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IRIN, October 18, 2006

AFGHANISTAN: Millions face hunger as drought worsens, warns aid group

Another 6.5 million people are likely to suffer chronic food insecurity due to the lack of rainfall this year, Christian Aid said.

Drought-stricken family in Herat province during the Taliban in 2000
Drought-stricken family in Herat province during the Taliban in 2000

QALAT, 18 October (IRIN) - Some 2.5 million drought-stricken Afghans across much of the country have lost their crops and are facing acute food shortages, international aid group Christian Aid warned on Wednesday in the capital, Kabul.

An assessment carried out by the aid group in 66 villages in the provinces of Badghis, Farah, Faryab, Herat and Ghor, mainly in the northwest, found that many people have lost 70 to 80 percent of their rain-fed crops following too little rain last winter and spring.

According to government figures, around 20,000 people have left their homes in order to survive, the UK based aid group has said.

"It is really vital now to realise the plight of these [drought-stricken] people as the winter is getting closer and snow could close roads to many of the remote parts of those provinces," said Sultan Maqsood Fazil, Christian Aid's advocacy officer in Afghanistan.

The drought is also acute in other parts of Afghanistan. Abdul Manan, 40, left his house in the Shamalzo district of the southern province of Zabul after his garden and wheat crops dried up and moved his family to Qalat, the provincial capital.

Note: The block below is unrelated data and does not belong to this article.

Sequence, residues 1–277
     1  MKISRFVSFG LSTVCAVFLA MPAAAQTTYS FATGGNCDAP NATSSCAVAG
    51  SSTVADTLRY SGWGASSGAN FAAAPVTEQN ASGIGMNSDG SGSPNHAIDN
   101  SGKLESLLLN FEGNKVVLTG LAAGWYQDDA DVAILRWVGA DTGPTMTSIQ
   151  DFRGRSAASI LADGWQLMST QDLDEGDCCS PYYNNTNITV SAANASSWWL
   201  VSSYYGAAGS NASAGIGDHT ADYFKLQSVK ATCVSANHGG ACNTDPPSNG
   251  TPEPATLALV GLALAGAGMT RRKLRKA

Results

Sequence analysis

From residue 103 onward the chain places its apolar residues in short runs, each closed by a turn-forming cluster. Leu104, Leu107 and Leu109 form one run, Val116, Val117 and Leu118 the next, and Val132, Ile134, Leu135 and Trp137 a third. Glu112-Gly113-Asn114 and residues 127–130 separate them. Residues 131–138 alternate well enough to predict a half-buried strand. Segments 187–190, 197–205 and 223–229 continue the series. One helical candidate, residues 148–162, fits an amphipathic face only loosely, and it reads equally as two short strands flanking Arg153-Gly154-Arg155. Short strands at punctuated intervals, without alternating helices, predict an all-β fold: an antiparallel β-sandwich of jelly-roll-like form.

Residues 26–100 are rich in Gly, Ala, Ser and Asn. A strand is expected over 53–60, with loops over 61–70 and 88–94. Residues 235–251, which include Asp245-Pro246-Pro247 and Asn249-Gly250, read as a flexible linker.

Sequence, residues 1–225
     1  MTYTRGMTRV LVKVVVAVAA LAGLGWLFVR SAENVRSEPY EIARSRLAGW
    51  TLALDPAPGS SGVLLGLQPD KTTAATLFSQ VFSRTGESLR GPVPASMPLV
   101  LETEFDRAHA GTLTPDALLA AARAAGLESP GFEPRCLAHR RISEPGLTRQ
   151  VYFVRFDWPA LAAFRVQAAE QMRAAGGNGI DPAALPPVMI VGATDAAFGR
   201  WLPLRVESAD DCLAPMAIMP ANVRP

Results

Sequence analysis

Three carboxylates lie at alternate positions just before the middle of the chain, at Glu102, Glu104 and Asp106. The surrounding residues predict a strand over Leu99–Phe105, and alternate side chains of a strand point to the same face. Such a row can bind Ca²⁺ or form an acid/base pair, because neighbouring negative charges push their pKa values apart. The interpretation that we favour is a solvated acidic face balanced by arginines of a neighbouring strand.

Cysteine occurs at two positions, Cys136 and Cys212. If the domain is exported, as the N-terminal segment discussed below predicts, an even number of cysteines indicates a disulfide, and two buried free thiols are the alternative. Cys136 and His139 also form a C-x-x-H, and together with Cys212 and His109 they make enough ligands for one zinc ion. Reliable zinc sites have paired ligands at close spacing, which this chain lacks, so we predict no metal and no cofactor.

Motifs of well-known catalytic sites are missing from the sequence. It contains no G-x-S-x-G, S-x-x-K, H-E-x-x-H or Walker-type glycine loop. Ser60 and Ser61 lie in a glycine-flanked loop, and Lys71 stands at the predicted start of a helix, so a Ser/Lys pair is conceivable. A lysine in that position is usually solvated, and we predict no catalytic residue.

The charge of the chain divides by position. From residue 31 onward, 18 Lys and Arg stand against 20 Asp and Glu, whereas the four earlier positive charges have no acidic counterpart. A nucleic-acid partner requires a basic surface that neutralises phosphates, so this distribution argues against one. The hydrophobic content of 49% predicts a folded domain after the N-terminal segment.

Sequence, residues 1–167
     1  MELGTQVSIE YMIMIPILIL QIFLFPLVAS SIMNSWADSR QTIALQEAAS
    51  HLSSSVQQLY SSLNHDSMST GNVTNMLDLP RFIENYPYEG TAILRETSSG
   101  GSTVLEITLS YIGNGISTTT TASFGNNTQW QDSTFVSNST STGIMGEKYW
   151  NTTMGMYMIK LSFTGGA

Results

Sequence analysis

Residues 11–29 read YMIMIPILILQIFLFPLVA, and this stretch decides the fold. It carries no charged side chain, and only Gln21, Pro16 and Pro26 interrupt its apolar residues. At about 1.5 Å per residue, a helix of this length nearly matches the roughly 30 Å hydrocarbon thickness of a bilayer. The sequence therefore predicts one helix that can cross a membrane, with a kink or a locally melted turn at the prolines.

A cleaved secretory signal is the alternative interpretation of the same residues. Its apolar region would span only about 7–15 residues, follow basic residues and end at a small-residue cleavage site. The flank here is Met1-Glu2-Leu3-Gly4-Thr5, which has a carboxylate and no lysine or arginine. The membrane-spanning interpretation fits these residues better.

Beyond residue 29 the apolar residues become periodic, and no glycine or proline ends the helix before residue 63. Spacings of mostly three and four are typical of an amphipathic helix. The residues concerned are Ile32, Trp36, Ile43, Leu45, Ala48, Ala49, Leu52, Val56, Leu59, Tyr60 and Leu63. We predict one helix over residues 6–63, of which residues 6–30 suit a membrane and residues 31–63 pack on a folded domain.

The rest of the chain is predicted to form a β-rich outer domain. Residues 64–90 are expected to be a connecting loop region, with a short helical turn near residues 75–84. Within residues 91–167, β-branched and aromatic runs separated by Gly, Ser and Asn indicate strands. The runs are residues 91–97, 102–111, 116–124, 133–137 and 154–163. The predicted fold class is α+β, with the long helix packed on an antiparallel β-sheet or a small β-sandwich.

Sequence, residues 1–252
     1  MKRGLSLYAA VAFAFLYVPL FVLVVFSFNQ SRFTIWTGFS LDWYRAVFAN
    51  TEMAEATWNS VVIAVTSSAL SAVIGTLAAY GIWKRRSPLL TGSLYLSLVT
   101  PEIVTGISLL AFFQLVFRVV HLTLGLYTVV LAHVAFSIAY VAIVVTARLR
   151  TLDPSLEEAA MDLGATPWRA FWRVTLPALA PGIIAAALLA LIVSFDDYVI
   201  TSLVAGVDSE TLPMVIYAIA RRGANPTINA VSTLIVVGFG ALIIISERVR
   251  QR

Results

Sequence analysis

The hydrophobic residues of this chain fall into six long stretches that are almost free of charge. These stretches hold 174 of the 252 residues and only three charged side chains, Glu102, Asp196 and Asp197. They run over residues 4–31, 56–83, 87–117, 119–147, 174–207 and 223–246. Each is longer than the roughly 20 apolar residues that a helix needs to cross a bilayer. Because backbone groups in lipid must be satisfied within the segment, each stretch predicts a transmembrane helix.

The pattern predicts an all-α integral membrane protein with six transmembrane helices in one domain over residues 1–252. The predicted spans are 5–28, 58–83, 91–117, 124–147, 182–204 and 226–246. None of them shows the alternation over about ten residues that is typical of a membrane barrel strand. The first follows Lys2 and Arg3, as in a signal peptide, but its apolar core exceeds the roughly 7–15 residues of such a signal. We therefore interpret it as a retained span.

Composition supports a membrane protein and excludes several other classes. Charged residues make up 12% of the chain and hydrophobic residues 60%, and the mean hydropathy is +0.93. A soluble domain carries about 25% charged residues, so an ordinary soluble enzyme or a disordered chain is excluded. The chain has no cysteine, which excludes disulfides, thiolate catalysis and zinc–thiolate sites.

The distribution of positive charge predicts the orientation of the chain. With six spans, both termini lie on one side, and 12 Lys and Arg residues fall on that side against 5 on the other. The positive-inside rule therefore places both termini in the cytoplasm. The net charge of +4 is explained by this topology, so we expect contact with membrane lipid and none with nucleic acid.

"I lost all I had there including 500 almond trees which are completely dried up. I also lost my wheat crops," the father-of-four maintained. "Even finding drinking water was so difficult that people have been forced to leave their houses."

Manan is one of thousands of individuals who have left their houses in Zabul, a province that has been badly hit by consecutive years of drought. More than 2,500 families who live in various districts of Zabul have recently left their villages and now many of them are living in Qalat city, according to Akhtar Mohammad Afzal, head of the provincial Rural Rehabilitation and Development (RRD) office.

"Many people are still leaving their villages due to severe drought and water shortages and coming to Qalat or Kandahar city, [but] have not seen any assistance yet," Afzal asserted.

Another 6.5 million people are likely to suffer chronic food insecurity due to the lack of rainfall this year, Christian Aid said.

Local authorities in Helmand province had earlier appealed for urgent assistance for some 5,000 families who have been displaced by drought and recent fighting in the area.

The combination of insecurity and drought is making it hard to get humanitarian aid to the area.

"It is relatively difficult for aid agencies and the government to get relief assistance into those [southern] areas where there is currently insurgency fighting. This will greatly increase displacement and slow down the process of refugee repatriation from neighbouring countries in the long run," Fazil maintained.

Category: Poverty - Views: 8534


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